Also worthy of mention is the smooth relationship between the association and NAICOM under the leadership of Alhaji Mohammed Kari. I would use this opportunity to thank him and also endeavor to pay a visit to him. We engage with NAICOM a lot in several ways, either from the corporate governance end or from the market development end or from the policyholder protection end. In several ways we have engaged. It is not all that we come to discuss in the open. It is usual with our industry not to have our discussions in the open. So we engage and when the result comes out, everybody will see it. It is wise to keep them in a close manner until results are achieved.
What is the your relationship with lawmakers and the government?
Another principal stakeholder is the National Assembly. They are the ones formulating laws. In the last few years, we have had couple of bills proposed by some people who hardly know the principles of insurance and how insurance business is conducted. We have to teach and straighten them to make them know how we feel about most of those bills. We have not been able to retrieve some of the ones we lost but at least our market share and products have not been taken away from us through some of these engagements.
Another principal stakeholder is the government, represented by the Ministry of Finance. One of those major issues will continue to be our tax. Like I said earlier, tax has been an issue and we are making efforts to getting it resolved. There are some executive bills. The details are being worked at. From the feelers we have from KPMG, some bit of the bills will address the tax issue as far as the insurance industry is concerned. So, we will wait for the detailed unveilings.
What are your projections for the industry?
The association, working with KPMG, developed a 10-year transformation roadmap for the industry. This roadmap together with similar works by other arms of industry is undergoing harmonisation under the auspices of the Insurers’ Committee. I strongly believe that the implementation of this plan when concluded soon would bring about the much-awaited growth to our industry.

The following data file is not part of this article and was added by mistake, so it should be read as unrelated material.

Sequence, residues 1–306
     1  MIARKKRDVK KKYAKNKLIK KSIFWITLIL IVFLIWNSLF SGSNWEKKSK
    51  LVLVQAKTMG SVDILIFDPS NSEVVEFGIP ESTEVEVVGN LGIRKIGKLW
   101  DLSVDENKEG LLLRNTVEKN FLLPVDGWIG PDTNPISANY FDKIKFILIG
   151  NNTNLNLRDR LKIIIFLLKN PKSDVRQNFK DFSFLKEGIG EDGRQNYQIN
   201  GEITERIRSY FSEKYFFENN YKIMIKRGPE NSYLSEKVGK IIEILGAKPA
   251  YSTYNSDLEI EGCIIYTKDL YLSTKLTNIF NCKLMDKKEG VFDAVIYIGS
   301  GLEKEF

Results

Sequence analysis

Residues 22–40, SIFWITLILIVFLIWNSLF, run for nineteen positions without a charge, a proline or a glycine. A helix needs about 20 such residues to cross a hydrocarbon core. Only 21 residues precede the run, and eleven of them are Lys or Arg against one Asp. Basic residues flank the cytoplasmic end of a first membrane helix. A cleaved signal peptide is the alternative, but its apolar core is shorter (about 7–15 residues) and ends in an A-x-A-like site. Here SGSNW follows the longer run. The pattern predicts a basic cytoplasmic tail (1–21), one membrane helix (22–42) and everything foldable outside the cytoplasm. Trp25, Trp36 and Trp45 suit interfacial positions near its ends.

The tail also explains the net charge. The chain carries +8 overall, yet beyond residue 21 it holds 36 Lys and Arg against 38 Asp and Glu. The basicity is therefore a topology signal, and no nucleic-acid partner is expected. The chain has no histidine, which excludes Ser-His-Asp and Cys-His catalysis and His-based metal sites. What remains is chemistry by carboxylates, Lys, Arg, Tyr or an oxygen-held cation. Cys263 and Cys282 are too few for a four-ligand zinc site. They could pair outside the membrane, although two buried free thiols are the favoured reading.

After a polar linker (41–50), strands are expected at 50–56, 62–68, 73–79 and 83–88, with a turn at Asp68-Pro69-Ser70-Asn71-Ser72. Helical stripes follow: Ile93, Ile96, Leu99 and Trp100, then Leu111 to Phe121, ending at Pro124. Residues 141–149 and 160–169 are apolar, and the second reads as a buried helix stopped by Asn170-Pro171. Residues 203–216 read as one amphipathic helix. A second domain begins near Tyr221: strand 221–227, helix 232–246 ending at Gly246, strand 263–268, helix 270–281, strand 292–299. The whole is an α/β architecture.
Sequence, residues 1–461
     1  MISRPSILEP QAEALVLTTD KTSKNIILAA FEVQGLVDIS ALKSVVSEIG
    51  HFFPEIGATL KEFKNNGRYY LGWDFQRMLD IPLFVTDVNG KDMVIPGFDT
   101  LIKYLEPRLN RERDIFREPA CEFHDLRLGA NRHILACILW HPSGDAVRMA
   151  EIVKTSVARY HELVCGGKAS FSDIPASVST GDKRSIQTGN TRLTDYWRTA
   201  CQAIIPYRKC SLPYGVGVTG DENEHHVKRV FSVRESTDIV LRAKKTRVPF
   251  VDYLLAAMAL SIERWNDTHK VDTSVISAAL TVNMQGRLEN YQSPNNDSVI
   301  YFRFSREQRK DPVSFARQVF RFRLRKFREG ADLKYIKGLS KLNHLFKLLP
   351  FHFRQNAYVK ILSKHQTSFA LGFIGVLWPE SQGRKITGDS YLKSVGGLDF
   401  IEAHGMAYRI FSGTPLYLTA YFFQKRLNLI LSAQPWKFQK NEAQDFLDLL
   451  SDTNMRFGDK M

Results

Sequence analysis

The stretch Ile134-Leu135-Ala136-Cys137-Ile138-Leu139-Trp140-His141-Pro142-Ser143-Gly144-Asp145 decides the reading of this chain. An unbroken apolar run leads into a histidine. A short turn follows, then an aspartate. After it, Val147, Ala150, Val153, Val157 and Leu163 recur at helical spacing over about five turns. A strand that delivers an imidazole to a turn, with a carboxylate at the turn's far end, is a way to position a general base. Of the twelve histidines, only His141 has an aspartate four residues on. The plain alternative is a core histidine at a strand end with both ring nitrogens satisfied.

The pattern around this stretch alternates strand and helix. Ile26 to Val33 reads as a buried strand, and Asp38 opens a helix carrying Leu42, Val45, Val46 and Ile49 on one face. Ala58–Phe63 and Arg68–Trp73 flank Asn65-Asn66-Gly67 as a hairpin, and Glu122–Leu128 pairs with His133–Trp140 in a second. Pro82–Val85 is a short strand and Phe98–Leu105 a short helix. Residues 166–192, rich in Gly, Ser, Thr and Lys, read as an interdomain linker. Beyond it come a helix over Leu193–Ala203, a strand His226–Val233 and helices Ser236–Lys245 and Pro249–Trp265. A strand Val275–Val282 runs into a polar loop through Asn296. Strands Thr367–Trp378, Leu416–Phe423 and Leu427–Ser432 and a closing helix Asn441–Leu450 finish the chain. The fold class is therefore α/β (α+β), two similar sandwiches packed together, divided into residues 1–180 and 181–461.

What was supposed to be an NIA document, the regulator got interested and added some touch to it, which is very good. We expect the Insurers’ Committee to be through with the harmonized goals very soon. We have a clear plan. The regulator has asked us to come up with individual growth. We can do things individually and determine what the growth would be.
There are a lot we can do for ourselves to the extent that if you don’t belong to the association, you will see yourself losing out.
One of the things that came out of that document is this rebranding effort. Fortunately, the Insurers’ Committee picked it up, and today you know better. That programme has kicked off, and I can tell you, members of this association are fully committed to it. They made their contributions, and that is why the programme has kicked off. We believe that on a broad basis we will be able to promote this industry but individuals will do their own little bit to promote their companies; but this rebranding is the general one. It is not going to talk about company A or company B. It is going to talk about insurance and insurance industry values that you can get from it. I think that is the way it is going to go.
The association is also forging ahead with the implementation of the Unstructured Supplementary Service Data (USSD) code. Discussions between the Association and Nigerian Interbank Settlement System (NIBSS) for deployment of the USSD have progressed significantly and an inter-agency publicity committee has been put together between NIA and NIBSS with a view to publicising the project to engender public support and acceptability.
When fully operational, the USSD code is expected to close the gap encountered in the operation of the NIID, as the code will not require Internet connectivity for verification of motor insurance certificates across the country.
How the issue of fraudulent claims been tackled?
We are witnessing more market cohesion and improved intercompany relationship. Companies now share information on new businesses and claims. This has resulted in the discovery of fraudulent claims in the market especially in the area of motor insurance. The association appreciates members for this improved relationship and urges greater collaboration in the market.